Life of Fred. I love Fred. Life of Fred isn’t just math, it’s a life education. He even covers grammar…really. His pre-algebra course contains math coupled with biology and economics. He also has an elementary physics book. My oldest completed those last year and learned more about science from Life of Fred math than from any other science book or course we have used before. I don’t know of another math curriculum that discusses the cause of the civil war while teaching pre-algebra. Life of Fred critics worry that the books don’t offer enough practice problems. Hang in there. Once you arrive at the high school program, you can purchase Life of Fred: Zillions of Practice Problems for Beginning Algebra. Zillions of problems sound like a lot of practice.

Joy Hakim’s The Story of Science: Newton at the Center. Last year the oldest read the first book in the series: The Story of Science: Aristotle Leads the Way and really enjoyed it. It can simply be read for fun, or you can purchase the companion student and teacher Quest Guides published by the John Hopkins University Talent Development Program. We love this timeline approach to science which blends in loads and loads of history. We’ll supplement our at-home science reading with hands-on classes offered for homeschoolers at a local science museum.


Last year we studied the ancients in both history and science, starting with Sumeria and ending with Rome. For history, we used the Beautiful Feet Ancient History Intermediate Pack and this year we’ll move on to Medieval History, utilizing the Advanced Intermediate and Junior High Pack. I love the idea of using the same student guide and reading lists for both age levels – the program is customizable to grade levels 5 – 8 and includes reading, mapping, research, discussion and hands-on activities though 35 weekly lessons. Again, we’ll feel free to supplement with additional reading selections that we will probably treat as read-alouds, and where possible, perform at-home science experiments that relate to Medieval times. Grammar and spelling will be reinforced through the weekly writing assignments tied to the time period. Additionally, both kids will participate in a 16-week creative writing workshop held at a local library.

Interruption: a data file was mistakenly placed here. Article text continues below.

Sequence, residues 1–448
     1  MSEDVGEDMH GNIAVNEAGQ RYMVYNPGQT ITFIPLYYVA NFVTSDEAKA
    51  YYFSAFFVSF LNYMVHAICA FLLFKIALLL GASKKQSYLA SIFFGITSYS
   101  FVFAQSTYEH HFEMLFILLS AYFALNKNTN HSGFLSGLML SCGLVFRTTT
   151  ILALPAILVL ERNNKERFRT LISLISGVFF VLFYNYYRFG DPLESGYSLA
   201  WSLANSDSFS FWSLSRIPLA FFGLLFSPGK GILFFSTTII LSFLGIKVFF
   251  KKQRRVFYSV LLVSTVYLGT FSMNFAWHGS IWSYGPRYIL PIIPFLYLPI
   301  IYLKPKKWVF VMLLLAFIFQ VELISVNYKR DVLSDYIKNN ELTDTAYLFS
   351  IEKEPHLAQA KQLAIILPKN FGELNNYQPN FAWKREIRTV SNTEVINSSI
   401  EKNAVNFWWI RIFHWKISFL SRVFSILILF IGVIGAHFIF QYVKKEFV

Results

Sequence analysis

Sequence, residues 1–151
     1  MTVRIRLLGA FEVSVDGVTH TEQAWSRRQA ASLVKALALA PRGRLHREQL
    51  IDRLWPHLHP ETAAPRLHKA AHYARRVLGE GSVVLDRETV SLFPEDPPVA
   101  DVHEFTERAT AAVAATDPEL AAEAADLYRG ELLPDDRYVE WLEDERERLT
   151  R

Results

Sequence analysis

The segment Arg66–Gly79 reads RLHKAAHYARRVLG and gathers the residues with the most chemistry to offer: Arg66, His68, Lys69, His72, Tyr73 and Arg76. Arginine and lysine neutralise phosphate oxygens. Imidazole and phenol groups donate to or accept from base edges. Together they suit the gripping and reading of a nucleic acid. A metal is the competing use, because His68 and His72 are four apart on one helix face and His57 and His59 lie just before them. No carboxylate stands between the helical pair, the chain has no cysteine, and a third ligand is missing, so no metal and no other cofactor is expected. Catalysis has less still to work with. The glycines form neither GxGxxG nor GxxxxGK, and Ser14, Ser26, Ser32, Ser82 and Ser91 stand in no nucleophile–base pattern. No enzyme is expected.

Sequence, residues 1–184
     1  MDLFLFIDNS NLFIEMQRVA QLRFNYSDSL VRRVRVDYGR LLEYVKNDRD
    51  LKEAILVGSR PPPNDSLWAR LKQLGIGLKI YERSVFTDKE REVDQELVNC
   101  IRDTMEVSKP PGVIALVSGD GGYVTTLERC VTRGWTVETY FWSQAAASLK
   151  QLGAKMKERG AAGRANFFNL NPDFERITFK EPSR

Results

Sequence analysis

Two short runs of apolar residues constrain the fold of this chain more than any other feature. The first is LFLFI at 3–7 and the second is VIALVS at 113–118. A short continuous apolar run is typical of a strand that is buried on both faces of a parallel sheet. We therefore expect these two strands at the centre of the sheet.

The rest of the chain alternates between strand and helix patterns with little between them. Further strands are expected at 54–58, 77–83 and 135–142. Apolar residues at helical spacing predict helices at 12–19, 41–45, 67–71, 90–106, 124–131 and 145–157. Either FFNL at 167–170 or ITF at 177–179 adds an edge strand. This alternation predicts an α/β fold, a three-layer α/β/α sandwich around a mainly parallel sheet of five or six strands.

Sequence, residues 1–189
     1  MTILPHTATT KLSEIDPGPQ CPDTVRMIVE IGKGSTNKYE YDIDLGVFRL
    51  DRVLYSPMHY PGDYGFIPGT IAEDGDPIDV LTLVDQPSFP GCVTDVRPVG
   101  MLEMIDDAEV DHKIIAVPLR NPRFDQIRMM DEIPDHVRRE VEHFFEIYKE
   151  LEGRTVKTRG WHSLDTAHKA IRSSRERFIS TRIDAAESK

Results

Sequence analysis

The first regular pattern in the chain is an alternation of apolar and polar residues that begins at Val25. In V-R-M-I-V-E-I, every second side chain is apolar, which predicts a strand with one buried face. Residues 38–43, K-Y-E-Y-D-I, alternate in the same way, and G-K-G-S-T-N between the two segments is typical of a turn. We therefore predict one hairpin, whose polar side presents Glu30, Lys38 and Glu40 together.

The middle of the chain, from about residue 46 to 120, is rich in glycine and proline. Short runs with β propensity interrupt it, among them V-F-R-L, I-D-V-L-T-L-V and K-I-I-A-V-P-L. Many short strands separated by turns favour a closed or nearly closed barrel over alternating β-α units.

For foreign languages, music and art, there are a variety of ways to add these to your schedule. We prefer on-line foreign language courses and out-source anything like art or music.

By focusing on all things Medieval this year, I hope to bring a certain level of cohesiveness to our school year, making the planning easy for me and fun for the kids!

It’s really not necessary to purchase a stack of workbooks covering every topic you can think of. With a little creativity and some smart choices, you can narrow your focus to three or four areas and expand from there. There are so many free resources out there, you can easily keep your expenses down, too. Since many of the books on our reading list are available at the library, I would be surprised if we spent more than $200 this year on curricula.

I love to think of our approach as subject-less, even though we certainly cover all of the most important areas such as math, science, literature and history. Allowing yourself more freedom in how these are presented is going to make for a more enjoyable homeschool experience for both you and your children.

None of the above links are affiliate links – we just believe in these resources. What are some of your favorite cross-curricular materials and books? I’m always looking for more great ideas!